2nd stair - open scallop: 2 large trapezoid + 3 large curved (blends into landscaping)
3rd stair - open scallop: 3 large trapezoid + 2 large curved (blends into landscaping)
4th stair - open scallop: 5 large trapezoid + 2 large curved (blends into landscaping)
5th stair closed scallop: 5 large trapezoid + 5 large curved
6th stair closed scallop: 4 large trapezoid + 5 large curved
7th stair closed scallop: 3 large trapezoid + 4 large curved
The 8th, 9th, and 19th scallops consisted of the small trapezoid blocks, some corners of which were rounded off with a hammer and chisel 8th stair closed scallop: 8 small trapezoid 9th stair closed scallop: 7 small trapezoid 10th stair closed scallop: 6 small trapezoid
How is the 5th stair smaller than the 4th while using more blocks? The blocks on the lower stairs are placed with the inner edges splayed apart, making for a wider curve, while those on the higher stairs are being placed more tightly along the edges so the radius of curvature becomes smaller. In addition, at least in my yard, you do not see the entire lower stairs (1st through 4th) because they blend into the landscaping. If more of the stairs will be visible in your yard then you will have to adjust the number blocks accordingly.
Some potentially helpful pages from the Concrete Network:
Troubleshooting: Stair Treads and Slopes
Step 9: Hoisting the Flagstone
As I mentioned earlier, the flagstone was a windfall! But since the pieces were leftovers from someone else's construction, I had to be creative with the odd shapes and assorted sizes that they came in... Some had chipped, irregular edges while others were neatly cut. Of those that were cut, there were straight as well as curved edges - both concave and convex. Several of them had a mix of chipped, straight and curved edges on a single piece! And then, they were all not of the same thickness.
Working with the material was going to be a bit of a challenge but then I love a good challenge! I treated this part of the project like a massive jigsaw puzzle and I have to admit, it was a bit of fun - save for the fact that many of the pieces were very, very heavy! Since I wanted to be sure I had the best fit, I needed to be able to compare the various iterations of combinations. With some of them being so difficult to handle, I could not keep going back and forth, trying to decide which looked best. Enter my phone/camera!
Pro Tip # 11 - Take Pictures: The best way to compare various iterations is to take pictures of them so you can compare them side by side rather than trying to do so from memory. It saves time and is easier on your back. Keep taking pictures of the entire project from various angles, periodically. It is much easier to spot things that need to be changed - or fixed - from a photo than it is when looking at the actual structure. The pictures also serve as a good motivator to get the project done when you are able to see how far you’ve come! And of course, should you choose to write an instructable, they might just come in handy!
Step 10: Part B) Creating the Mosaics
Materials for Mosaics:
- Flagstone/slate - I got mine for free from Freecycle
- Concrete glue - I used Strong Stikbut you could use anything that holds your pebble mosaic on the mesh long enough to position it on wet concrete and leave it to set. A word of caution - Strong Stik does not hold up in moist conditions so you cannot use it as a permanent glue for outdoor mosaics
- Concrete pigments
- Cement Backerboard
- Sliced pebbles
- Nylon meshing
- Clear contact paper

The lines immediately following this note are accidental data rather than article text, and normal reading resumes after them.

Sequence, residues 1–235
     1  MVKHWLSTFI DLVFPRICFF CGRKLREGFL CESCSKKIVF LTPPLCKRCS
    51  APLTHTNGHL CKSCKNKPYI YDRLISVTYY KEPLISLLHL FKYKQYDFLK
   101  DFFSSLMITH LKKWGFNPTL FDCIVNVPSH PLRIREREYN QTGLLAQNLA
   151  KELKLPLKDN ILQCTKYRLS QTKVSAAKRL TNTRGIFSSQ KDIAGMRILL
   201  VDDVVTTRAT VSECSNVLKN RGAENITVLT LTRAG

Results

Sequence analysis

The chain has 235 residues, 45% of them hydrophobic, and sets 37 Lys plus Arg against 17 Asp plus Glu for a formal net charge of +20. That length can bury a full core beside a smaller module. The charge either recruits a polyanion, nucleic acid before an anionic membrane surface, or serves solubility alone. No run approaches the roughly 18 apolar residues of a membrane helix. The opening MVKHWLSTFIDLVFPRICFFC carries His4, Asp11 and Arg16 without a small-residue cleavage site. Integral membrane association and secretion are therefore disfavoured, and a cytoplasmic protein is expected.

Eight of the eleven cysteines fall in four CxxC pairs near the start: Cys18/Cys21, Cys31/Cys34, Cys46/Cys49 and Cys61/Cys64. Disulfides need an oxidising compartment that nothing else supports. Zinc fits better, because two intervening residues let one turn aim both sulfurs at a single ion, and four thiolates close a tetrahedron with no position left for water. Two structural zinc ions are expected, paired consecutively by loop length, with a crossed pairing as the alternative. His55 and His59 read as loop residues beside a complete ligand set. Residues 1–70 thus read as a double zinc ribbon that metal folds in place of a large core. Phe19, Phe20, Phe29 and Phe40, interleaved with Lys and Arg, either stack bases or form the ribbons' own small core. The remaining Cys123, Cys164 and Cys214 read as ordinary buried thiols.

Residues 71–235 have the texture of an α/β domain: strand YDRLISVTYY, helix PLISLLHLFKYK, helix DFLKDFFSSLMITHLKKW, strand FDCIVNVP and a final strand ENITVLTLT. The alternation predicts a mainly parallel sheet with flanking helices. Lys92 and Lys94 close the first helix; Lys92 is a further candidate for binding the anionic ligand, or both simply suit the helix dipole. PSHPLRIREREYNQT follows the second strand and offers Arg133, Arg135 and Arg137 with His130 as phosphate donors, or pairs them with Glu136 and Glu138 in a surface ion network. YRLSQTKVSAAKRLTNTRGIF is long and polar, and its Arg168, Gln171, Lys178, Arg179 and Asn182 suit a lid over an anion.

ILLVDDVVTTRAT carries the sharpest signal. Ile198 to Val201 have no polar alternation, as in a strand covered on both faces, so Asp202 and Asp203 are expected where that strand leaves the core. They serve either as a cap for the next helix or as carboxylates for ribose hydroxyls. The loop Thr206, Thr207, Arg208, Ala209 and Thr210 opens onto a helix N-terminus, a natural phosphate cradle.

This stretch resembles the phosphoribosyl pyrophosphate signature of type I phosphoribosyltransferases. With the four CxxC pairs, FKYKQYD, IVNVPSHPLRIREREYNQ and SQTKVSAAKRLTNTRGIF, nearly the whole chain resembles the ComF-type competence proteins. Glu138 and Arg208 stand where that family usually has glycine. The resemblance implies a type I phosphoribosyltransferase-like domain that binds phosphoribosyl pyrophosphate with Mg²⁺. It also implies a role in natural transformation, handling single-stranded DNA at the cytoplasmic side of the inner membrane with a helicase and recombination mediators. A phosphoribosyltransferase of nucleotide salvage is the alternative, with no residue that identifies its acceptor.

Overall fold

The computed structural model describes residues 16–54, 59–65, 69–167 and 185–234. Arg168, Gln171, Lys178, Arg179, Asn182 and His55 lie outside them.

- Pea gravel or pea pebbles
- Copper/stainless steel wire
Items 5. and 6. are typically sold together in the form of Pebble Mosaics. These are random mosaics that come on a mesh. Unfortunately, I have not yet found a source of bulk sliced - unattached - pebbles. I guess they are too fragile to be sold/mailed that way. There are several places where you can buy loose polished whole pebbles. I found one place that sells tumbled/sliced but they looked more tumbled than sliced to me… If anyone knows of a source, please let me/us know!
Tools and Gear:
- Safety glasses (full face shield if using angle grinder)
- Leather gloves
- Dremel tool with disc attachment
- Mini angle grinder like Merlin 2
Step 11: Prep Steps for Pebble Mosaics:
Step 1: Separate the pebbles from the backing mesh - a finger-breaking job! Save the mesh, it will be used later.
Step 2: Sort the pebbles in the following order of priority:
a) Shape, then Color, then Size and have a separate category for exotic, one-of-a-kind pieces b) Further sort each color by texture: Striped, Mottled, Graded etc.
Pro Tip # 12 - Study Your Subject: Before attempting to create a mosaic of something specific from nature, try studying the real thing, which in most instances means doing a search of that object’s images. Make a collection of these images in a doc and find a way to sort them. While figuring out categories to place all your images into, you will notice subtle things about the images that you hadn’t noticed before - things that suddenly make your mosaic look like what you intended it to.
Step 12: Specific Mosaics
Flowers and Leaf Mosaics:
For good aesthetics, each flower should have at least five petals. Here we will focus on five-petaled (Daisy, Hibiscus) and six petaled (Iris, Orchid) types of flowers. These flowers are created in three views - A) Top/square/aerial view - with distinct whole petals, B) Mostly top view - with overlapping petals, and C) Slanted/horizontal view - with flowers in perspective:
A) Top View Flowers with Distinct/Whole Petals:
1) Long petaled/Daisy-like: Focus on the shape. Use slender, almost parallel edged pieces, with the nicer end facing outwards. You can blend/mix up the colors or you can grade them from dark to light and back to dark. If grading, don’t have the darkest right next to the lightest.
2) Hibiscus/Geranium like Flowers: Use the wider, typical petal shaped pieces for these somewhat generic five-petaled flowers. You could place the pointed end inwards on some and outwards on others.